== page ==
Kenya has protested against a price cap that the Iranian government has imposed on tea exports to the country, putting the Sh4 billion market at the centre of a diplomatic tiff with Tehran.
Iran has instructed Kenya to set the maximum price per kilo of tea that it sells to the Asian country at $3 (about Sh300), with anything above the amount attracting a punitive tax. The move has seen Kenya’s
Ministry of Foreign Affairs wrote to the envoy in Tehran, asking him to seek clarification and lobby for easing of the new requirement.
“Kenya is seeking clarification as well as relaxation of the new rule that has been put in place by the Iranian government,” said the Director-General of Agriculture and Food Authority, Anthony Muriithi, in an interview.
Kenya’s tea gets to Iran at about Sh400 per kilo, making it pricier than other teas sold in the country, mainly from India and Sri-Lanka.
The quality of Kenyan tea is however superior compared to the others, which makes it highly sought after by the Iranians.
Mr Muriithi said market factors make it difficult to sell at Sh300 per kilo in Iran.
“Some of the factors that might make it difficult to achieve the Sh300 per kilo include the high quality of Kenyan tea, cost of production and the shipping costs,” he said.
The Ministry of Foreign Affairs did not respond to our requests for comments on the matter.
Nairobi has been courting Iran to become one of the major consumers of Kenya’s tea and has held sales exhibitions in Tehran aimed at wooing buyers.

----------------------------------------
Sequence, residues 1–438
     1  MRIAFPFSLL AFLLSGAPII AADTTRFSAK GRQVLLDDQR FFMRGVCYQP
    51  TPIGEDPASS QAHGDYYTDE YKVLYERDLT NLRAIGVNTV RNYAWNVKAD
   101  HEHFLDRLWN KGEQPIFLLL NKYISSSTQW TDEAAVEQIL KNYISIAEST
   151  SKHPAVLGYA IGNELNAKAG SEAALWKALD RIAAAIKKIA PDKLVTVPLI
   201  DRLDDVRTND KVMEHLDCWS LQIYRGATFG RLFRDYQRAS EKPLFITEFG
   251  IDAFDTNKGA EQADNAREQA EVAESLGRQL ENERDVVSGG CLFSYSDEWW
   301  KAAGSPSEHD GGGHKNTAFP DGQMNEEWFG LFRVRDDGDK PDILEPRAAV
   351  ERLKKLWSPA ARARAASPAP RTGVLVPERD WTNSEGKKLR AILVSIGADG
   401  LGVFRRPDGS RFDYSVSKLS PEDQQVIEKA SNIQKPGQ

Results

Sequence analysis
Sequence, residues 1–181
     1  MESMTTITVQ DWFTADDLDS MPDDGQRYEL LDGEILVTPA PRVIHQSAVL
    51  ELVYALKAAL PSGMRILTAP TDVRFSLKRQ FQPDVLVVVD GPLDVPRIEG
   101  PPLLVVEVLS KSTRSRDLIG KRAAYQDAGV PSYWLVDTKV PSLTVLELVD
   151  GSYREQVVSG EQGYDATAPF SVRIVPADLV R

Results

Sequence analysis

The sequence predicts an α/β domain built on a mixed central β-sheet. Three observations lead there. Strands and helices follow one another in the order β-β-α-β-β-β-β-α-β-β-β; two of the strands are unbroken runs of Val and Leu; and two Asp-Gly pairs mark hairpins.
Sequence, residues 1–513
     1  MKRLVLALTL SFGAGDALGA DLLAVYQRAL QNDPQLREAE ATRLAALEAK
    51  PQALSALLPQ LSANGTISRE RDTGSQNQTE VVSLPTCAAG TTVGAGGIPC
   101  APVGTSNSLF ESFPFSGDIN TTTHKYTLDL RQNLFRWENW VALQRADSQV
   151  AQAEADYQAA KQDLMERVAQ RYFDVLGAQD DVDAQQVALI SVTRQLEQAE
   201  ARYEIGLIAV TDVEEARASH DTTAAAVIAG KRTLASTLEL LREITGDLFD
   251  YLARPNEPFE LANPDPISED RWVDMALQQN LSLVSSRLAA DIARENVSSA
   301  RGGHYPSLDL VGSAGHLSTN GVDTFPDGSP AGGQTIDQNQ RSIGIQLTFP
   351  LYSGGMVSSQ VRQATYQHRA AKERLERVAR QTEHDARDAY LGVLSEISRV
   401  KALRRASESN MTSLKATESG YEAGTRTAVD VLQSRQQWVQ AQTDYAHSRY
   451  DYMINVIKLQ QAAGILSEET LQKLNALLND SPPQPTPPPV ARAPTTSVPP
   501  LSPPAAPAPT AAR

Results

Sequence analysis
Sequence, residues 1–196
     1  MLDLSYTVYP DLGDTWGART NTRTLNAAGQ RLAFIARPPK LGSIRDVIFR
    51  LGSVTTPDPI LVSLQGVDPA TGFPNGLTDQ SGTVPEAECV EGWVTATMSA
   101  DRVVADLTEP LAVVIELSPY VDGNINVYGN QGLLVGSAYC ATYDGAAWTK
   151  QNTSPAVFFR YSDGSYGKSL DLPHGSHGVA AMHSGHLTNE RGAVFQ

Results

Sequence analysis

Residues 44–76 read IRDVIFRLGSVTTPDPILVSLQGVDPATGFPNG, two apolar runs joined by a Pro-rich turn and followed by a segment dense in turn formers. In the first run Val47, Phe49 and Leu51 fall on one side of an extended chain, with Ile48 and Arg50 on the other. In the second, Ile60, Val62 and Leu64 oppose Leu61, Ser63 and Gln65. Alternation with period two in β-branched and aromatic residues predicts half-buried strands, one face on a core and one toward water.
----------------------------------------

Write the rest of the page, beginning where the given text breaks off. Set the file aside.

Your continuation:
Iran has a large population of more than 80 million people with a per capita tea consumption of 1.4 kilogrammes against half a kilo for Kenyans.
The country imports more than 100 million kilogrammes of tea, with Kenya supplying about 20 million kilos annually.
Pakistan is the biggest consumer of Kenyan tea, buying more than 40 percent of the total beverage produced in Kenya, earning the country about Sh50 billion a year.
Egypt, the United Kingdom, Sudan and the United Arab Emirates are the other major sources of Kenya’s tea dollars.
Export volumes to these countries have however been declining over the years hampered by trade barriers from different States.
This is the second time in two years that Kenya has been locked in a dispute with Iran over the commodity. In 2017, a tussle about the recommended minimum moisture content in the beverage saw a sharp decline in the volumes exported to Tehran.
Iran has a lower limit of three percent moisture content with an upper cap of eight percent, but Kenya’s tea normally falls below three. Kenya uses ISO 3720, a global standard that does not stipulate a minimum moisture content.
The East African Traders Association (Eatta), which manages the Mombasa tea auction, terms Iran as a key market that Kenya cannot afford to lose given its high growth potential.
“We have to do all that we can to ensure that the new rule is reversed to protect our sales to that country,” said Eatta managing director Edward Mudibo in an interview.
In January last year Kenya, nearly lost the critical Pakistani market as the country raised concerns over possible contamination of aflatoxin in the commodity, requiring the beverage to undergo rigorous tests that created a backlog on consignments destined to Islamabad.
The Plant Protection Board of Pakistan had issued a directive that all tea imports from Kenya must undergo aflatoxin tests, a move that Kenya protested, saying it is not a common occurrence in the produce.
The impasse was resolved following a meeting between the two States. Small-scale farmers affiliated to the Kenya Tea Development Agency (KTDA) earned a record gross payment of Sh85.74 billion in 2017/2018 financial year, riding on a bumper harvest that defied the fall in global market prices, marking the third year of improved earnings.
At Sh85.74 billion, Kenya’s tea earnings were up 9.4 percent compared to the previous season’s total income of Sh78.31 billion, according to the agency.